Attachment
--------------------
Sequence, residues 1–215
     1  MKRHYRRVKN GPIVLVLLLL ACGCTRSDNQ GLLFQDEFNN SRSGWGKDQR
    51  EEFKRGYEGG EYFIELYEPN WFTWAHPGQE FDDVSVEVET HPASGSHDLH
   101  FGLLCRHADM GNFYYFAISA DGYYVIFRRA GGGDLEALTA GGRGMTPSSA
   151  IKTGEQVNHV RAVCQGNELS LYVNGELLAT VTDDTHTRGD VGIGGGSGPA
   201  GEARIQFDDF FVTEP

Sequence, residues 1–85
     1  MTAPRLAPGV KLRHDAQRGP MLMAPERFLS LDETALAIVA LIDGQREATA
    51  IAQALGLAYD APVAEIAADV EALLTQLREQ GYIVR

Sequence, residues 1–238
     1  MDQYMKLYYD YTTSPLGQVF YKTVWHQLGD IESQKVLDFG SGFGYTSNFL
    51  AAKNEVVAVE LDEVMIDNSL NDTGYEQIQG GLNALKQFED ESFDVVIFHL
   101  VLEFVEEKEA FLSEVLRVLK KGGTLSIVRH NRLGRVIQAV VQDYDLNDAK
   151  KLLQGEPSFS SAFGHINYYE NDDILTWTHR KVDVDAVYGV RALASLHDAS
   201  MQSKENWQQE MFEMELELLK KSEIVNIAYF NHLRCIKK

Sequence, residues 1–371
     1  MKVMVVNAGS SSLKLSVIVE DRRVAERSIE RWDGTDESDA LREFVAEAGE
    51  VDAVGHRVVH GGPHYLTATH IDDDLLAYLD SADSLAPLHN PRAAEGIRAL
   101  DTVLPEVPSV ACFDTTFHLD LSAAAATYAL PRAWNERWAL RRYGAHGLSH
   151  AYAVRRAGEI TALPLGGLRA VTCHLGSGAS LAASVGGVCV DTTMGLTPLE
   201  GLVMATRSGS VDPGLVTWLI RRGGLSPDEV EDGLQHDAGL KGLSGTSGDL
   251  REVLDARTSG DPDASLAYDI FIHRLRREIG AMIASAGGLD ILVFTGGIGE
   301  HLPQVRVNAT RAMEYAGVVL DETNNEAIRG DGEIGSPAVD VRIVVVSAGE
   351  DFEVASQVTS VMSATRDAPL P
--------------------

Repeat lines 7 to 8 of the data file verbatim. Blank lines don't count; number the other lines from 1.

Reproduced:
Sequence, residues 1–85
     1  MTAPRLAPGV KLRHDAQRGP MLMAPERFLS LDETALAIVA LIDGQREATA